Botrytis, a fungus commonly referred to as grey mould, affects many plant species of which grapes are one of its most notable hosts. If not treated, this disease can result in great losses in grape yields.
Botrytis is a necrotrophic pathogen that induces cell death of its host and lives on dead plant material. Infection occurs in one of two ways: The pathogen enters the plant tissue through wounds e.g. hail, bird or insect damage, or the pathogen can be latent in the grape plant and will develop once conditions are favourable. The disease can cause bunch rot close to harvest resulting in production losses pre- and post-harvest. In wine grapes Botrytis produce enzymes that reduce flavour, colour and storage quality of wine. In table grapes shelf life is reduced and sorting and packaging costs are increased.
Strands of the fungus (mycelium) produce hard structures called sclerotia which will survive on the vine and on decaying matter in the soil. The mycelium and sclerotia can survive for up to 20 months under favourable conditions and can also survive on various other vegetative growth in or near the vineyard. Therefore, weed control for example, can also form part of disease control. Both these structures can produce spores for new infections. Spores can be transported by wind or water to infect vines and the pathogen can germinate in as little as one hour.
Prolonged wet periods combined with cooler weather in spring give cause to development of Botrytis. Although temperatures around 20 ˚C favour development, the pathogen can survive in a temperature range as wide as 1-30 ˚C. One of the factors that aggravates disease development, is dense canopies. Some varieties are also more susceptible due to thinner skin and dense bunch formation which will retain moisture. The most susceptible stage is the flowering period. Control during flowering is critical and once the pathogen penetrates the berry, control becomes difficult. Luna® Privilege offers ideal control during the flowering stage. This should ideally be applied in a programme with Teldor® and the new Biological fungicide Serenade® which supports the efficacy of traditional fungicides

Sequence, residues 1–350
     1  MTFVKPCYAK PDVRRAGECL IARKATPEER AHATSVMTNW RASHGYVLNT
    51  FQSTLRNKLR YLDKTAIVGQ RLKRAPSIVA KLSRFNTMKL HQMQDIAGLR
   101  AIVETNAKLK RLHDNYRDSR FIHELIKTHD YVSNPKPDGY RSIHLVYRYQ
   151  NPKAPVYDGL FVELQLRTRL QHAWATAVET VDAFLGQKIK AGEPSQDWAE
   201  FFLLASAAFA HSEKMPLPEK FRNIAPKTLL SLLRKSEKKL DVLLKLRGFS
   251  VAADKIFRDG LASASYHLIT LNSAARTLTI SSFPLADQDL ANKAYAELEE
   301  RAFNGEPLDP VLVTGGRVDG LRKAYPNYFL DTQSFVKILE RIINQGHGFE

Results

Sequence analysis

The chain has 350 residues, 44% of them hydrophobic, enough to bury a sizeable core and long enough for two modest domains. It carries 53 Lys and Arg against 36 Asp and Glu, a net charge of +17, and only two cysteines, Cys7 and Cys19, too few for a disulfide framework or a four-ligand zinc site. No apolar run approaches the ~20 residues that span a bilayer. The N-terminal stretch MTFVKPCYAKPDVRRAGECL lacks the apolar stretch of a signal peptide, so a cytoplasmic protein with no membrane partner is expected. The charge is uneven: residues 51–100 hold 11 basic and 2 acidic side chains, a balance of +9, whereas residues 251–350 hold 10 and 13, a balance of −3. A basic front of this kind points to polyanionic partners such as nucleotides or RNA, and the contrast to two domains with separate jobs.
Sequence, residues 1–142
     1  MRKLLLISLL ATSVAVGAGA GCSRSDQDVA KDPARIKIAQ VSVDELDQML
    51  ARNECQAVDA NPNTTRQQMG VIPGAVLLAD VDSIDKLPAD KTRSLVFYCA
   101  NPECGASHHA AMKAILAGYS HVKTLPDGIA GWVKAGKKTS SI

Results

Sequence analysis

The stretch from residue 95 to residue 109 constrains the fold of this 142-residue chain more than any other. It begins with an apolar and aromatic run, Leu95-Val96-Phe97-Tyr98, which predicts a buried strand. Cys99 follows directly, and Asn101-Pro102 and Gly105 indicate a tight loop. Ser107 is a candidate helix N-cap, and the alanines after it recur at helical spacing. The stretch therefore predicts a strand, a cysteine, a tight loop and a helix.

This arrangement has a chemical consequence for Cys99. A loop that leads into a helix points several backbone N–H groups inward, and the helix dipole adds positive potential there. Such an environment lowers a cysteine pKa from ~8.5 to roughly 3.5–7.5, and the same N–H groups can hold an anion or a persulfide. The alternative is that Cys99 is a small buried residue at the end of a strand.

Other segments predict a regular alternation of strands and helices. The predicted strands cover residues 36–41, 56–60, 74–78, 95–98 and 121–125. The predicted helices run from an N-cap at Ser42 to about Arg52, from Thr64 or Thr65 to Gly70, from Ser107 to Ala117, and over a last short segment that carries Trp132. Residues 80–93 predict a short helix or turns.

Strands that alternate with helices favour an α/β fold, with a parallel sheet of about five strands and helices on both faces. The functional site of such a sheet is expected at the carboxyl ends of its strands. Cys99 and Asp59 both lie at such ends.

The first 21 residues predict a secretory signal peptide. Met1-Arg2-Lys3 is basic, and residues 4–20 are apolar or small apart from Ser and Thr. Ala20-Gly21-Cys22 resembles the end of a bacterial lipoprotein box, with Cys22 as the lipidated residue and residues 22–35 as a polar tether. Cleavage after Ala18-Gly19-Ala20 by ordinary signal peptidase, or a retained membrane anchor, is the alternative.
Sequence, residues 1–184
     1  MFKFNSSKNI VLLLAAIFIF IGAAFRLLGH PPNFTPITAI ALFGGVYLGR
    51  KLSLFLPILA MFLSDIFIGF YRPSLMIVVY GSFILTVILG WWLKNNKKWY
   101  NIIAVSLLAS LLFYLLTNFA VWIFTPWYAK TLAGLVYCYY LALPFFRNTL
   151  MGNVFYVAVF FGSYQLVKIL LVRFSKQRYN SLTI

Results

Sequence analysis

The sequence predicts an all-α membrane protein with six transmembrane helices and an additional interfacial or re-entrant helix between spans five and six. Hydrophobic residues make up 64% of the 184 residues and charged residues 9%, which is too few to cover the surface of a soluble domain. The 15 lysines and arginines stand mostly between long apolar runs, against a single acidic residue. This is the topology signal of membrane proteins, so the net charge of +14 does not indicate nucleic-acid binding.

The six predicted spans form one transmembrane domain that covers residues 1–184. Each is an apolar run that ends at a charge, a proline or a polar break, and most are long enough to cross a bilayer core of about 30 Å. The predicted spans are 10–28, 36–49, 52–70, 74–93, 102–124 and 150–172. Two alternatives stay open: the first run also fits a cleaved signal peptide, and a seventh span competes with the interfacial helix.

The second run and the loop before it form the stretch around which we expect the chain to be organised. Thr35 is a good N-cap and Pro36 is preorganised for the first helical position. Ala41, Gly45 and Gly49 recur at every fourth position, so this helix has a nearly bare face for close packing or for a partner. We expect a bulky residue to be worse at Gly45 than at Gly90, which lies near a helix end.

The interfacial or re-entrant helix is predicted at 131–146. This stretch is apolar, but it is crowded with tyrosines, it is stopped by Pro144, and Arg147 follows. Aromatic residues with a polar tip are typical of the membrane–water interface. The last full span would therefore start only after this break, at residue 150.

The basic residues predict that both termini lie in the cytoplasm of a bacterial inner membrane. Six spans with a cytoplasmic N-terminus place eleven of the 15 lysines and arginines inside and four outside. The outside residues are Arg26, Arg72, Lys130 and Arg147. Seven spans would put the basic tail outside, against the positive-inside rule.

When infection has taken place, typical symptoms include a greyish mould on the grapes, hence the common name grey mould. Leaf symptoms start as dull green spots turning necrotic. One of the ways in which to detect early symptoms on darker coloured grapes, is to lightly press on the light brown discolouration of skin. When Botrytis is present the skin will simply “slip off”. Later symptoms are the conidia spores visible on the grapes. As the disease spread it can form a “nest” within the bunches.
Certain preventative actions can minimise the Botrytis risk. These include plant establishment, positioning the row direction to optimise airflow through the vineyard, the spacing of plants to improve airflow and the use of trellising to improve airflow and irrigation selection. As Botrytis is a weak pathogen, a healthy plant is more tolerant to infection. Sanitation practices such as weed control and the removal of old plant debris can also minimise the risk of spreading Botrytis. In terms of crop protection methods, Luna® Privilege can be applied during the flowering stage to control Botrytis at several stages of its life cycle, including during spore germination, germ tube elongation, mycelial growth and sporulation. Teldor® can also be used together with the biological fungicide Serenade®. It has a short withholding period and inhibits germ tube elongation.
Botrytis is genetically highly adaptive and is known to develop resistance by means of its genetic mutations and various modes of action is needed to effectively control the pathogen. Optimal timing for application and the correct product for that growth stage is critical to obtain the most benefit from your chemicals. For the effective control of Botrytis in your vineyards, carefully follow the instructions and guidelines on the product labels.
Contact Bayer (Pty) Ltd on 011 921 5002 | www.cropscience.bayer.co.za | www.bayer.co.za